• The first is muscle weakness. The Peroneus Brevis muscle is the major dynamic stabilizer of the ankle and is often the first to be affected by CMT. In the early phases of CMT, it is important to keep the Brevis and the other lateral muscles as strong as possible. A few instructive lessons by a physical therapist in peroneal strengthening can be very helpful, especially early on. An elastic brace (such as used for an ankle sprain) may also be of benefit.
• The second is the varus, or an in-turned position of the heel. The center of gravity is simply not over the central axis of the heel, which increases the risk of a sprain. This occurs in conjunction with a very high arch (a symptom of CMT). An orthotic or heel insert with a 1/8 inch lateral heel wedge can help. A wide heel on the shoe is helpful to increase stability; and make sure not to let the outer heel get worn down.
• The third is a downward inclination on the inside of the foot, often referred to as a “plantar flexed” first ray. The bottom of the foot is not flat and the inside medial aspect of the sole hits the ground first, causing the foot to turn inward and the ankle to sprain. A custom orthotic (shoe insert) will often solve this problem by allowing the sole of the foot to lay flat in the shoe.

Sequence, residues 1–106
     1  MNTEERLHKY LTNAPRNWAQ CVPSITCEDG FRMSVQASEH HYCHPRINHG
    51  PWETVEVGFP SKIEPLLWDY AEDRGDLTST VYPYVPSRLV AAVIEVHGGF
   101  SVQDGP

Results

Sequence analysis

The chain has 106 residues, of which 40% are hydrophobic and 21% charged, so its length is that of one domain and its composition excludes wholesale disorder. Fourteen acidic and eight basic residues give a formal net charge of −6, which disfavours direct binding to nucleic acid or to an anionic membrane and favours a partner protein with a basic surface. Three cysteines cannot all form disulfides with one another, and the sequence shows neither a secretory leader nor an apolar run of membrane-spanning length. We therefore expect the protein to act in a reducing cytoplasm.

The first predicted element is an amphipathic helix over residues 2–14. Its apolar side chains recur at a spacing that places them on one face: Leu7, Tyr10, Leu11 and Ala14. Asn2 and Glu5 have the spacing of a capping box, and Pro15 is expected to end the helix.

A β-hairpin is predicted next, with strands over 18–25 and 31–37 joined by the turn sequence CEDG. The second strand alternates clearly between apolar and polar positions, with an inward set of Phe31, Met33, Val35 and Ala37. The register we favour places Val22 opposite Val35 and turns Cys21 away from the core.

Try to do proprioception exercises from the outset of the diagnosis of CMT. Proprioception is the mechanism by which you know a position of your body without looking at it directly. You could call it balance. If you are able, stand on one foot for 30-60 seconds three times/day. Once you have mastered that, do it with your eyes closed. If you are in a brace or have advanced weakness or deformity, this exercise won’t be possible. In a person with mild to moderate CMT, this program will help increase strength and proprioception and decrease ankle instability and sprains.
Q. What are some of the other CMT-related problems regarding the feet?
Deformity of the toes occurs frequently in people who have CMT. An imbalance of muscle pull on the toes causes them to deform. The term “clawing” is used because each toe develops a fixed flexion contracture in the shape of a claw. The contracted toes don’t have enough room in shoes and put increased pressure on the ball of the foot, which becomes painful and callused.